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Abstract

Introduction

Protocol

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Materials

References

Chemistry

Identification of Antibacterial Immunity Proteins in Escherichia coli using MALDI-TOF-TOF-MS/MS and Top-Down Proteomic Analysis

Published: May 23rd, 2021

DOI:

10.3791/62577

1Produce Safety & Microbiology, Western Regional Research Center, Agricultural Research Service, U.S. Department of Agriculture

Here we present a protocol for the rapid identification of proteins produced by genomically sequenced pathogenic bacteria using MALDI-TOF-TOF tandem mass spectrometry and top-down proteomic analysis with software developed in-house. Metastable protein ions fragment because of the aspartic acid effect and this specificity is exploited for protein identification.

This protocol identifies the immunity proteins of the bactericidal enzymes: colicin E3 and bacteriocin, produced by a pathogenic Escherichia coli strain using antibiotic induction, and identified by MALDI-TOF-TOF tandem mass spectrometry and top-down proteomic analysis with software developed in-house. The immunity protein of colicin E3 (Im3) and the immunity protein of bacteriocin (Im-Bac) were identified from prominent b- and/or y-type fragment ions generated by the polypeptide backbone cleavage (PBC) on the C-terminal side of aspartic acid, glutamic acid, and asparagine residues by the aspartic acid effect fragmentation mechanism. The software rapidly scans in silico protein sequences derived from the whole genome sequencing of the bacterial strain. The software also iteratively removes amino acid residues of a protein sequence in the event that the mature protein sequence is truncated. A single protein sequence possessed mass and fragment ions consistent with those detected for each immunity protein. The candidate sequence was then manually inspected to confirm that all detected fragment ions could be assigned. The N-terminal methionine of Im3 was post-translationally removed, whereas Im-Bac had the complete sequence. In addition, we found that only two or three non-complementary fragment ions formed by PBC are necessary to identify the correct protein sequence. Finally, a promoter (SOS box) was identified upstream of the antibacterial and immunity genes in a plasmid genome of the bacterial strain.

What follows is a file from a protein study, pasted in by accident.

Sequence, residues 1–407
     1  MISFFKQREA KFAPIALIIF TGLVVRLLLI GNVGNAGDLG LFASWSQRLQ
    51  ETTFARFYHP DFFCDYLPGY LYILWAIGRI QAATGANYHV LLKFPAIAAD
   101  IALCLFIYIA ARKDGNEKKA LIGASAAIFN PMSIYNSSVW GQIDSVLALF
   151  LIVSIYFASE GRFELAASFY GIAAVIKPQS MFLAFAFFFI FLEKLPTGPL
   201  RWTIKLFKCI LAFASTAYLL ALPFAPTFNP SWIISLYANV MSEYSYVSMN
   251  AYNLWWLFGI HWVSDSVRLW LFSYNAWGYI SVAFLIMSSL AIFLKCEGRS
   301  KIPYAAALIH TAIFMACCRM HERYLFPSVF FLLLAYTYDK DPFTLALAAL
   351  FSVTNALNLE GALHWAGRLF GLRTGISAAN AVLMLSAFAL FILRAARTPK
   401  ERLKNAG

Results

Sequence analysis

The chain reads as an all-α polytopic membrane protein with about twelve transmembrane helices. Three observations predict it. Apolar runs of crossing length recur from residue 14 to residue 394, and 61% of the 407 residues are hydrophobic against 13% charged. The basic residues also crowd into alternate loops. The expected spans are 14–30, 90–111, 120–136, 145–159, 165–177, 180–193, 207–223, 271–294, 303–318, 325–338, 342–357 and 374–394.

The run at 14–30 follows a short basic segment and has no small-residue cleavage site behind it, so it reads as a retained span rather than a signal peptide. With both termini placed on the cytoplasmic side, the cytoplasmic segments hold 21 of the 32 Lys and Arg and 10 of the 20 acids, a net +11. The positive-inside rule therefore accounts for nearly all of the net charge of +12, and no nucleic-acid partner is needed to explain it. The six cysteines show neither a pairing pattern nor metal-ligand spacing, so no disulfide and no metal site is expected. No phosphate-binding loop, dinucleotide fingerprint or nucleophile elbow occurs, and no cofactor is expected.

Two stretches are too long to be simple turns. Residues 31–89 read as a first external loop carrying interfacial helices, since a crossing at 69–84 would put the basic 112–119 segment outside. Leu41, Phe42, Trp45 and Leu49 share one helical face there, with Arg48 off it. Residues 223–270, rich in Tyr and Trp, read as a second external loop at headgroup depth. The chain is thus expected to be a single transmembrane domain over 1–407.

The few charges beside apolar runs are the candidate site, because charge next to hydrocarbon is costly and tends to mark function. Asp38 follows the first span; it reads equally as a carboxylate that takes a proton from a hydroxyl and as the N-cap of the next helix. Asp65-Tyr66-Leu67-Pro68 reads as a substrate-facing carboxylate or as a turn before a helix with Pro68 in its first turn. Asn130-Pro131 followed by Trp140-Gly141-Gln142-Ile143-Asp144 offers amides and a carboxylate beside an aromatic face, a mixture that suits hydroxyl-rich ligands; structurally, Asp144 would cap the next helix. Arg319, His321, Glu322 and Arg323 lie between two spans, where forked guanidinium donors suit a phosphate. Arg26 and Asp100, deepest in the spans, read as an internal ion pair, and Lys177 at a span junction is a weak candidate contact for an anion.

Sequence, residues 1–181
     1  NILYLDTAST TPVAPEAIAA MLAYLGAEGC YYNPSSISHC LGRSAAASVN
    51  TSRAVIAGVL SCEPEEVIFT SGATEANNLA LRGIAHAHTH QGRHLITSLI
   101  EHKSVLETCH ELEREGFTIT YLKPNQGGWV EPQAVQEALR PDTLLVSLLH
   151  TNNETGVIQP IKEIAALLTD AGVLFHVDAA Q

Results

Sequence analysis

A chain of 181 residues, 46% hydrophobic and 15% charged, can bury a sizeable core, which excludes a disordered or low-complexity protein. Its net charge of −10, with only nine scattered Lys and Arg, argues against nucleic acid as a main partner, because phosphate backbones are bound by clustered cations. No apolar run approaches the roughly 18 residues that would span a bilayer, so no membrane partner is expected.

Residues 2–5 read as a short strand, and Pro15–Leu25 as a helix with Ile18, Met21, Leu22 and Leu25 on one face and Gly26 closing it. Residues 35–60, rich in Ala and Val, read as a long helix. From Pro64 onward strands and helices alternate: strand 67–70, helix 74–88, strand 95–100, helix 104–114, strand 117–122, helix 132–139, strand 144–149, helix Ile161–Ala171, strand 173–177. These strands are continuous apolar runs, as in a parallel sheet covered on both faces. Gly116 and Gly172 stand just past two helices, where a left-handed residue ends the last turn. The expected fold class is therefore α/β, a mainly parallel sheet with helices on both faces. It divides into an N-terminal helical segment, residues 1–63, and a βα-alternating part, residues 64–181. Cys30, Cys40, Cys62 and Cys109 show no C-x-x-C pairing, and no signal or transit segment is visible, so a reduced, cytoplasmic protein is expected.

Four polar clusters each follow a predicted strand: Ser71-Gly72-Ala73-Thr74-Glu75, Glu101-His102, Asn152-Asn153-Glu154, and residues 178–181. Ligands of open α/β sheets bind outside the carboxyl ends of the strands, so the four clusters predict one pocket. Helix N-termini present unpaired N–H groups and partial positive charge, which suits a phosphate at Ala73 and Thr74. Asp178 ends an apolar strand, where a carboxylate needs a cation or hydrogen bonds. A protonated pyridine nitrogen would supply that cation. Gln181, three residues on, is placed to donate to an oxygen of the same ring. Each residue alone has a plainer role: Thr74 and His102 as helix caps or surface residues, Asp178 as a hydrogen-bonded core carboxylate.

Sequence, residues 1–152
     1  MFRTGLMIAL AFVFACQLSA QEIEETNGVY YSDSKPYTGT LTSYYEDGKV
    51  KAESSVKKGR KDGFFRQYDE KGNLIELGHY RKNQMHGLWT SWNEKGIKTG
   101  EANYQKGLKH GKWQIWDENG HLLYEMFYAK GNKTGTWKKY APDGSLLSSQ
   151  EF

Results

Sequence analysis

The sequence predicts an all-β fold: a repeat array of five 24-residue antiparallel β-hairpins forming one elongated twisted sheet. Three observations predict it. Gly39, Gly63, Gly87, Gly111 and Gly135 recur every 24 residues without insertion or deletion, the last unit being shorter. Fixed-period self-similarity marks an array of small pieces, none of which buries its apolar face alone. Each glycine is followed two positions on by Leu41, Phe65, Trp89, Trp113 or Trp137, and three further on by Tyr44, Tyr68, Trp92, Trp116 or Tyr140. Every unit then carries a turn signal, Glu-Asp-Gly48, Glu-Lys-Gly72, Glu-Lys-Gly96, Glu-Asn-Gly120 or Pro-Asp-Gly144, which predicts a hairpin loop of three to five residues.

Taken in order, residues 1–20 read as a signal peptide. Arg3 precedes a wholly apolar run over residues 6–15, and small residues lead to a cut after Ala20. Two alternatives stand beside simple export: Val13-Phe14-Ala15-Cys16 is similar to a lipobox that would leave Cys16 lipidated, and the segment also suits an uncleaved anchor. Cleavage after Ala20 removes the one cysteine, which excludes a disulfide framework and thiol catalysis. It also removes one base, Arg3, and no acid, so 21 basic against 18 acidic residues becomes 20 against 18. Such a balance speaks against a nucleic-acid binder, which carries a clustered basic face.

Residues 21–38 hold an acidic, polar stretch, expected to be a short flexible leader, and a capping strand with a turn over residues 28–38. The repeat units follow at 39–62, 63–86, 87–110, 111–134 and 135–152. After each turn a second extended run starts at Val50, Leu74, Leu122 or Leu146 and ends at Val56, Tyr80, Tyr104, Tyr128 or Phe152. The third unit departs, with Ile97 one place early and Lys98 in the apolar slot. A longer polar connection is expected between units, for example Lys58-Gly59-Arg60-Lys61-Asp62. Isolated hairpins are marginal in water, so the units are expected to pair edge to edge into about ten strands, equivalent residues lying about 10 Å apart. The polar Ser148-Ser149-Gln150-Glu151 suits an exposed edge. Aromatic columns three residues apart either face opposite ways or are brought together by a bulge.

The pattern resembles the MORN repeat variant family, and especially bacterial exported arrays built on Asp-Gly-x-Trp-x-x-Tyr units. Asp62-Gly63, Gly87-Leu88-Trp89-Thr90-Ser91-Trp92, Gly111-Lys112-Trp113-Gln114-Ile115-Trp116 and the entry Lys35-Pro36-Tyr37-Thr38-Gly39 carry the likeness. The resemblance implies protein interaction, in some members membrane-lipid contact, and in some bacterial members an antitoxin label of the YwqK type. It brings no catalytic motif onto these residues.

Analysis and identification of undigested proteins by mass spectrometry is referred to as the top-down proteomic analysis1,2,3,4. It is now an established technique that utilizes electrospray ionization (ESI)5 and high-resolution mass analyzers6, and sophisticated dissociation techniques, e.g., electron transfer dissociation (ETD), electron capture dissociation (ECD)7, ultraviolet photo-dissociation (UV-PD)8, etc.

The o....

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1. Microbiological sample preparation

  1. Inoculate 25 mL of Luria broth (LB) in a 50 mL conical tube with E. coli O113:H21 strain RM7788 (or another bacterial strain) from a glycerol stock using a sterile 1 µL loop. Cap the tube and pre-culture at 37 °C with shaking (200 rpm) for 4 h.
  2. Aliquot 100 µL of pre-cultured broth and spread onto a LB agar plate supplemented with 400 or 800 ng/mL of mitomycin-C. Culture agar plates statically overnight in an incubator at 37 °C.
    .......

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Figure 3 (top panel) shows the MS of STEC O113:H21 strain RM7788 cultured overnight on LBA supplemented with 400 ng/mL mitomycin-C. Peaks at m/z 7276, 7337, and 7841 had been identified previously as cold-shock protein C (CspC), cold-shock protein E (CspE), and a plasmid-borne protein of unknown function, respectively33. The protein ion at m/z 9780 [M+H]+ was analyzed by MS/MS-PSD as shown in Figure 3 (bottom panel). The p.......

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Protocol considerations
The primary strengths of the current protocol are its speed, simplicity of sample preparation, and use of an instrument that is relatively easy to operate, be trained on, and maintain. Although bottom-up and top-down proteomic analysis by liquid chromatography-ESI-HR-MS are ubiquitous and far superior in many respects to top-down by MALDI-TOF-TOF, they require more time, labor, and expertise. Instrument complexity can often affect whether certain instrument platforms are lik.......

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Protein Biomarker Seeker software is freely available (at no cost) by contacting Clifton K. Fagerquist at clifton.fagerquist@usda.gov. We wish to acknowledge support of this research by ARS, USDA, CRIS grant: 2030-42000-051-00-D.

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Name Company Catalog Number Comments
4000 Series Explorer software AB Sciex Version 3.5.3
4800 Plus MALDI TOF/TOF Analyzer AB Sciex
Acetonitrile Optima LC/MS grade Fisher Chemical A996-1
BSL-2 biohazard cabinet The Baker Company SG403A-HE
Cytochrome-C Sigma C2867-10MG
Data Explorer software AB Sciex Version 4.9
Focus Protein Reduction-Alkylation kit G-Biosciences 786-231
GPMAW software Lighthouse Data Version 10.0
Incubator VWR 9120973
LB Agar Invitrogen 22700-025
Luria Broth Invitrogen 12795-027
Lysozyme Sigma L4919-1G
Microcentrifuge Tubes, 2 mL, screw-cap, O-ring Fisher Scientific 02-681-343
MiniSpin Plus Centrifuge Eppendorf 22620207
Mitomycin-C (from streptomyces) Sigma-Aldrich M0440-5MG
Myoglobin Sigma M5696-100MG
Shaker MaxQ 420HP Model 420 Thermo Scientific Model 420
Sinapinic acid Thermo Scientific 1861580
Sterile 1 uL loops Fisher Scientific 22-363-595
Thioredoxin (E. coli, recombinant) Sigma T0910-1MG
Trifluoroacetic acid Sigma-Aldrich 299537-100G
Water Optima LC/MS grade Fisher Chemical W6-4

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